Style

Ask A Bro About Your Fro: How To Better Communicate With Your Barber

Better tresses for less stress.

BY EUGENE LIM | Jul 26, 2016 | Grooming

Here is my pop's grooming advice:

Dad: "Son, there are two men that even a king is afraid of."

Me: "Must you really tell me this now Dad? We are in the middle of Finding Dory."

Dad: "That's not the point."

Me: "I don't know who the men are, Dad."

Dad: "They are his doctor and his barber! One saves him from death, and the other is in charge of making him look good."

I get where he's coming from, although a movie is not the best time to dispense the advice that what a great haircut can do for men is akin to what makeup does for women.

There are many articles on different type of haircuts, but how do you determine what is the right haircut for you? Is there a good haircut that suits most men? More importantly, how best to communicate what you want to your barber?

We spoke to Joel Phua from Jermyn Street and picked his brains about everything you need to know, from working with his clients on how to find the best cut for them, to tips on improving communication with your barber.

ESQ: Could you walk us through your process when a new client comes into your store for a haircut?

JP: I start by asking them what they’re looking for. Once I get a sense of that, I start looking at their head shape, what can or cannot be done. After analysing that, I would ask what they’re comfortable with and decide what would be the haircut that would bring out their confidence. Some clients might want to have long hair, but their hair texture might not work for them.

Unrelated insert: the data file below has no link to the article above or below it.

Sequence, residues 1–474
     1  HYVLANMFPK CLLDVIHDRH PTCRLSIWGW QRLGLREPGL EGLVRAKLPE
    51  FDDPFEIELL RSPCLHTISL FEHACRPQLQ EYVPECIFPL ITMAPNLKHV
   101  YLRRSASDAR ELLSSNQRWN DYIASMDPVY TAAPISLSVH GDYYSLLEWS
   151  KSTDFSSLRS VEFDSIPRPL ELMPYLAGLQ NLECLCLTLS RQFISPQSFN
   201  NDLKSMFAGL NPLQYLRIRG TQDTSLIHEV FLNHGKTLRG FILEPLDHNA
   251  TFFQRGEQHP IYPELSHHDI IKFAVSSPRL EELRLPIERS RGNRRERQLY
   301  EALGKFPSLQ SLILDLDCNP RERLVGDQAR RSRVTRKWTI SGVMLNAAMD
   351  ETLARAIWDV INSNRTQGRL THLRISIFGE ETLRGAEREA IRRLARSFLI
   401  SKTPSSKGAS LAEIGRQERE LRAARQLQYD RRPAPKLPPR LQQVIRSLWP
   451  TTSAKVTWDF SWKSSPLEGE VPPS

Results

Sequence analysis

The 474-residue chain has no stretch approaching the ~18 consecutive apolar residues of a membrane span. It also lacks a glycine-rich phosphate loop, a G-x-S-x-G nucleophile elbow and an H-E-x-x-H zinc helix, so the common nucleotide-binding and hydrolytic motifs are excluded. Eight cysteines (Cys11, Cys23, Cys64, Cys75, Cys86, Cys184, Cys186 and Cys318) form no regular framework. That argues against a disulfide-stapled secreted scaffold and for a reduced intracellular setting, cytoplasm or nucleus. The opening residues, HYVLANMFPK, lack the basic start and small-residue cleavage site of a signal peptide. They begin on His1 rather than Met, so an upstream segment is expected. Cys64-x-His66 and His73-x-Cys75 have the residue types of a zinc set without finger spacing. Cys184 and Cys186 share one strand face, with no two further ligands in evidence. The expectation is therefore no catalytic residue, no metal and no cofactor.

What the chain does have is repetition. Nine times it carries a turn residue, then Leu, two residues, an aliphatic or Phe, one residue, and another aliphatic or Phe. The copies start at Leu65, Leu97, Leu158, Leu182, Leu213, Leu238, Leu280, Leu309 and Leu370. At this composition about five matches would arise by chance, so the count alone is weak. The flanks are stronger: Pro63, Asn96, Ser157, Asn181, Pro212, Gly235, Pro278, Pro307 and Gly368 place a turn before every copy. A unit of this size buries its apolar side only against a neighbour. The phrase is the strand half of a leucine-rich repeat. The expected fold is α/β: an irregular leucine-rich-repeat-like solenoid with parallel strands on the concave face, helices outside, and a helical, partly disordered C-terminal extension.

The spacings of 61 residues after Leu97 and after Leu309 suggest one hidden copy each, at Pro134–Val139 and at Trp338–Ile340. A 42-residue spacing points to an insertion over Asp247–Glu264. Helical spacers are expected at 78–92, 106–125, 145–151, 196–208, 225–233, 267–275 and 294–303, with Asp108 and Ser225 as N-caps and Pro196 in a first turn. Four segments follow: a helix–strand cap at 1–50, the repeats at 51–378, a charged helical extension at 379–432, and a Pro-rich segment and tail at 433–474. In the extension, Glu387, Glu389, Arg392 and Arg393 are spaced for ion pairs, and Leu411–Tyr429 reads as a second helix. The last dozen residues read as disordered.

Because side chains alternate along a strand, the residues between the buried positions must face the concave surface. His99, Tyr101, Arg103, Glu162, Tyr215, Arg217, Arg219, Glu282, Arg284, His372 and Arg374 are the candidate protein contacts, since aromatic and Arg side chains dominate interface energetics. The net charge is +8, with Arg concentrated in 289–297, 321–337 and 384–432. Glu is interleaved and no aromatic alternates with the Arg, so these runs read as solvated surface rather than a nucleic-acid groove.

ESQ: What are some of the thing that guys can do to help improve the communication between barber and client?

JP: Knowing what they do not want, because sometimes, guys may not know what kind of haircut they are after, but they definitely know what they do not want. Everyone has different tastes and opinions, like for example, I might think that he looks great in this haircut, but he might not feel the same way. By doing that, I work with the information he provides and improve on it.

ESQ: Would bringing a picture of a particular haircut help the process?

JP: First of all, I would take a look at the texture of their hair, if they have a similar hair texture as the one in the picture, then I could give them the same haircut. If the picture shows a Caucasian guy, and an Asian man comes up to me asking for the same haircut, I'd tell him straight up that your hair texture is totally different, I might be able to do something similar but it won't be the same. Very seldom I would say no unless it's...

ESQ: …like an Asian guy with medium length hair asking for cornrows?

JP: Yeah (laughs).

ESQ: Besides knowing what they do not want in a haircut, is anything else that would help?

JP: Definitely knowing the different terms of what you want to get and being straightforward, not beating around the bush. I think that's the worst thing. Go in and tell your barber what you want, a three on sides, zero fade, mid-zero fades, an inch off the top, just keep it simple and straight to the point.

ESQ: Like knowing the difference between a fade and a slope?

JP: A lot of people like to call it the slope, but I think technically the slope just doesn't sound right at all! It's a graduated haircut. For example, for someone with a flat head, a graduated haircut helps give their head a better shape, and it's easier for us barbers to understand what they want.